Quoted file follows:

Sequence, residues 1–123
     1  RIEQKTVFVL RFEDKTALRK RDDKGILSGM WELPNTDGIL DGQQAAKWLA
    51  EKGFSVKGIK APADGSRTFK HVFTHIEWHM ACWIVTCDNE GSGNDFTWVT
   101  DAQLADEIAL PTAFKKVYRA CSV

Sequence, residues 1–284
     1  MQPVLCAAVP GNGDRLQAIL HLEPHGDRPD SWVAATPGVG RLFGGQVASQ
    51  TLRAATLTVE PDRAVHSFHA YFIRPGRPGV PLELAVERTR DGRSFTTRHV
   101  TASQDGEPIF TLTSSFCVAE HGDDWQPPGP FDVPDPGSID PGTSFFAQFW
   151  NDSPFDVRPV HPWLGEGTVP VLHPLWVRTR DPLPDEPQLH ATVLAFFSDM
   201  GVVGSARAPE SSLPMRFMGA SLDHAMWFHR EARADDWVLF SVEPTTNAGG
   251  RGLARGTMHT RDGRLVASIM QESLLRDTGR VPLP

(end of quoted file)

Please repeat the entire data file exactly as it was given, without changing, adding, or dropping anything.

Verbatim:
Sequence, residues 1–123
     1  RIEQKTVFVL RFEDKTALRK RDDKGILSGM WELPNTDGIL DGQQAAKWLA
    51  EKGFSVKGIK APADGSRTFK HVFTHIEWHM ACWIVTCDNE GSGNDFTWVT
   101  DAQLADEIAL PTAFKKVYRA CSV

Sequence, residues 1–284
     1  MQPVLCAAVP GNGDRLQAIL HLEPHGDRPD SWVAATPGVG RLFGGQVASQ
    51  TLRAATLTVE PDRAVHSFHA YFIRPGRPGV PLELAVERTR DGRSFTTRHV
   101  TASQDGEPIF TLTSSFCVAE HGDDWQPPGP FDVPDPGSID PGTSFFAQFW
   151  NDSPFDVRPV HPWLGEGTVP VLHPLWVRTR DPLPDEPQLH ATVLAFFSDM
   201  GVVGSARAPE SSLPMRFMGA SLDHAMWFHR EARADDWVLF SVEPTTNAGG
   251  RGLARGTMHT RDGRLVASIM QESLLRDTGR VPLP